Metascore
57

Mixed or average reviews - based on 9 Critics

Critic score distribution:
  1. Positive: 4 out of 9
  2. Negative: 1 out of 9
  1. Reviewed by: Eric Kohn
    Aug 2, 2012
    75
    Any bona fide sushi fan stands to benefit from the general wake up call that "The Global Catch" provides in ample doses.
  2. Reviewed by: John Anderson
    Aug 5, 2012
    70
    Sushi: The Global Catch offers an intriguing mix of history, process and state-of-the-fish reports, advocating a reversal of the world's assault on bluefin tuna fisheries and a short course on the alternatives.
  3. Reviewed by: John DeFore
    Aug 5, 2012
    70
    A solid primer that augments exposition with a powerful sensual streak, Mark Hall's Sushi: The Global Catch aims to be a comprehensive look at the raw-fish phenomenon.
  4. Reviewed by: Joel Arnold
    Aug 6, 2012
    65
    The Global Catch may be one-sided in its argument, but it's a persuasive one - and the next time you eat sushi, you may think twice about ordering bluefin.
  5. Reviewed by: Rachel Saltz
    Aug 2, 2012
    60
    As storytelling, "The Global Catch" often falls short. It has too much to cover to be comprehensive and can seem a bit random. As a consciousness raiser, the film fares much better.
  6. Reviewed by: Andrew O'Hehir
    Aug 2, 2012
    60
    Unlike most issue-oriented documentaries about the abundant idiocy of the human species and the imminent demise of our planet, Mark S. Hall's Sushi: The Global Catch offers foodies and sushi buffs a refreshing palate-cleanser before the parade of experts and the dire news reports.
  7. Reviewed by: Michael Nordine
    Jul 31, 2012
    60
    This kaleidoscopic meticulousness proves comprehensive without ever feeling tedious, an especially impressive feat considering how quickly it becomes message-oriented.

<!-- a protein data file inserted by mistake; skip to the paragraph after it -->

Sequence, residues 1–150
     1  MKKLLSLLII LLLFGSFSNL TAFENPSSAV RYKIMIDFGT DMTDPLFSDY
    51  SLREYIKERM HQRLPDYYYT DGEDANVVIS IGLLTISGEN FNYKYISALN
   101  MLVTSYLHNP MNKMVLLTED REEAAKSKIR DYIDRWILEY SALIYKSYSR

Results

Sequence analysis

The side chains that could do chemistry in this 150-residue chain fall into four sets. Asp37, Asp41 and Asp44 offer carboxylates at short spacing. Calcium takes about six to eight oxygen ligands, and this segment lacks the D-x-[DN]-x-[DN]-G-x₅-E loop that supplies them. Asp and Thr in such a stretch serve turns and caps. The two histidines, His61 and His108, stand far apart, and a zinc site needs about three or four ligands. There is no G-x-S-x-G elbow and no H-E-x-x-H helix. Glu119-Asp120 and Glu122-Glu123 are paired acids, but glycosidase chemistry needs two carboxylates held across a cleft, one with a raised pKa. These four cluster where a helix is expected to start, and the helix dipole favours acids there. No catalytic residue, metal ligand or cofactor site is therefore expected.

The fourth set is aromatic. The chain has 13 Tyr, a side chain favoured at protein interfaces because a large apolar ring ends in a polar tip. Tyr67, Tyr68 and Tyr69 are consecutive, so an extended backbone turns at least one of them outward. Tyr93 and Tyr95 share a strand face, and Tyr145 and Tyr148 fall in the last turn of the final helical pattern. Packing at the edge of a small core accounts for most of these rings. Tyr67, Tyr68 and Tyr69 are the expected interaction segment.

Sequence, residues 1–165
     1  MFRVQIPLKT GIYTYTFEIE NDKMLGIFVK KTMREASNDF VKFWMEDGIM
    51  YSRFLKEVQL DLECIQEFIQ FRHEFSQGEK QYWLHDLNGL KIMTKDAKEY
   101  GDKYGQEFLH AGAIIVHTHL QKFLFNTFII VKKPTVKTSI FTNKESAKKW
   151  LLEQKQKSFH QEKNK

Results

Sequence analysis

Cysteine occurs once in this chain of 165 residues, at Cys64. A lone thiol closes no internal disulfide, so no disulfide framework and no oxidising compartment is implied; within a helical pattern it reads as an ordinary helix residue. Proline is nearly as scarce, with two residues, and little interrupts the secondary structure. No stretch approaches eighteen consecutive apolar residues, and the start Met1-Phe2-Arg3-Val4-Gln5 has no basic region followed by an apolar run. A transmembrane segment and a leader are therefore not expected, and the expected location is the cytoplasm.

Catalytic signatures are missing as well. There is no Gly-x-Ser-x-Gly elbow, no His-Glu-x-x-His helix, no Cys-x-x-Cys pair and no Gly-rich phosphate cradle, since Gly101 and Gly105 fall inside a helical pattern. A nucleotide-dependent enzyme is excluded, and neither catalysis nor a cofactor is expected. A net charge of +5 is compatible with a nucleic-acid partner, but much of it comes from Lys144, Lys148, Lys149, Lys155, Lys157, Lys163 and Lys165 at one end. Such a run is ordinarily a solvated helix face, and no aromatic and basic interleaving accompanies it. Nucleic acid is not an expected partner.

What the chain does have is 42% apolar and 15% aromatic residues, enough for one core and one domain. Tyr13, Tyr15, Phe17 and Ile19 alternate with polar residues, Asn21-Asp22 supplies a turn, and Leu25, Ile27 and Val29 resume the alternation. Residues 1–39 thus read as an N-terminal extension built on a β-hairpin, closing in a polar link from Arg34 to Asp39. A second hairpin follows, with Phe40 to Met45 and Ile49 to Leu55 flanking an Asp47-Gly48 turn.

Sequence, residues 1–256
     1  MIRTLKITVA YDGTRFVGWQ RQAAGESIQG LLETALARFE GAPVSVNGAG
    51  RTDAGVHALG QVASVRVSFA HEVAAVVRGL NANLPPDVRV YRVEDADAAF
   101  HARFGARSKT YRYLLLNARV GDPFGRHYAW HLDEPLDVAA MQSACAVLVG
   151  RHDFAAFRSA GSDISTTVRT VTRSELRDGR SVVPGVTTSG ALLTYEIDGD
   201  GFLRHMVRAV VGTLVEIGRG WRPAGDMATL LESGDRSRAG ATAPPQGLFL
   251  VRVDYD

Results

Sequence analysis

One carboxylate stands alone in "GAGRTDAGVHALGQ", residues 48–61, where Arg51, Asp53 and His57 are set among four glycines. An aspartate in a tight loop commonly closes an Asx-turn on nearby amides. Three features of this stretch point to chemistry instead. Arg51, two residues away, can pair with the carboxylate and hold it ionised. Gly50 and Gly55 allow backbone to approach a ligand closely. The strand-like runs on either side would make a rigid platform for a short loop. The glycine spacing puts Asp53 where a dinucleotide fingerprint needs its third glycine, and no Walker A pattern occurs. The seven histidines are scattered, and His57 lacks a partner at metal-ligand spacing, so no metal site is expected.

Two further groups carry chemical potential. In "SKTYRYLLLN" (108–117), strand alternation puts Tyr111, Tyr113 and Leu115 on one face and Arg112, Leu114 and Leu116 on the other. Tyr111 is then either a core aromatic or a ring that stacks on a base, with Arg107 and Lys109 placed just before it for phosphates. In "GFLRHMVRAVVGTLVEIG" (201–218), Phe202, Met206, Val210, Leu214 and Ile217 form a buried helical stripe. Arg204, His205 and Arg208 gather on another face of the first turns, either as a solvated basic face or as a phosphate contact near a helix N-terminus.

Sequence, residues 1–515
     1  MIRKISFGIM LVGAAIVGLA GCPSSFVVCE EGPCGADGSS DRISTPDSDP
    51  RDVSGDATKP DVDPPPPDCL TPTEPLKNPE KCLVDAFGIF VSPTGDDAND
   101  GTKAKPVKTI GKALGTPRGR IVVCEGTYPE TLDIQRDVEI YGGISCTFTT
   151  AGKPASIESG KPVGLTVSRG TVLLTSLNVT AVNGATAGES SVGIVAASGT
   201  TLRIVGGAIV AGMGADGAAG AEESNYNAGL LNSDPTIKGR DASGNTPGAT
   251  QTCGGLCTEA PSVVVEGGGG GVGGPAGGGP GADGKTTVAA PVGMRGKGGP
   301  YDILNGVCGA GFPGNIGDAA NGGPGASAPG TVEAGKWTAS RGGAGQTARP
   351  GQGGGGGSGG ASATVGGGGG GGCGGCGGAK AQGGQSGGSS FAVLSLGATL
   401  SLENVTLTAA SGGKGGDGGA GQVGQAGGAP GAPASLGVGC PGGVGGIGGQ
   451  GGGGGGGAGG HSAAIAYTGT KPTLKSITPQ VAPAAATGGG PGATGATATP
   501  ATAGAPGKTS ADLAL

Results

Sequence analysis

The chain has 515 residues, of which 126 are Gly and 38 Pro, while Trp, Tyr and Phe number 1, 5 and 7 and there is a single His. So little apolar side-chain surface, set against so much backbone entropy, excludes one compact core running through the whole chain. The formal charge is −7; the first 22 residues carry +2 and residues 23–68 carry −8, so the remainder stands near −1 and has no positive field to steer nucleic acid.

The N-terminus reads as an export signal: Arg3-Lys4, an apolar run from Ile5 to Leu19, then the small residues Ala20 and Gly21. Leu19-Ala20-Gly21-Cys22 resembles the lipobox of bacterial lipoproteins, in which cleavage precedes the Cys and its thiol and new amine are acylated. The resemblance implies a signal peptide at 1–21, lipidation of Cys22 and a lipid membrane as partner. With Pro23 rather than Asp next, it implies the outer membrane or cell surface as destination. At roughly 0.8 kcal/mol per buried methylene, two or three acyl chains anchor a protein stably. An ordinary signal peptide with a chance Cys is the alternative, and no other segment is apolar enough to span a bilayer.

8. Reviewed by: Scott Tobias
    Aug 1, 2012
    50
    The documentary Sushi: The Global Catch tries to be two things at once: an international survey of the way sushi is marketed, prepared, and consumed, and an argument for sustainability, particularly with regard to the bluefin tuna population. These threads are related, but one nonetheless takes away from the other.
  9. Reviewed by: Chuck Bowen
    Jul 31, 2012
    38
    The documentary is ultimately a dry endeavor that feels closer in spirit to an Afterschool Special than a full-blooded movie.
User Score
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No user score yet- Awaiting 3 more ratings

User score distribution:
  1. Positive: 0 out of 1
  2. Mixed: 0 out of 1
  3. Negative: 1 out of 1
  1. Oct 5, 2014
    2
    First 30 Minutes are great. A fascinating background of the global fish trade is provided with plenty of insight, complete with industryFirst 30 Minutes are great. A fascinating background of the global fish trade is provided with plenty of insight, complete with industry experts at all levels. Then, the movie sharply and suddenly turns into an hour-long environmentalist propaganda campaign. The organization Greenpeace is painted in a glowy light, with disregard for their illegal activities. A lot of unqualified statements are made about the fishing industry and the movie concludes with an advertisement for a "sustainable" sushi restaurant in Southern California.

    I felt a bit insulted after finishing this film.

    If you would like a guilt-free documentary that provides insight into the history, art, and practice of creating sushi, check out Jiro Dreams of Sushi, currently available on Netflix.
    Full Review »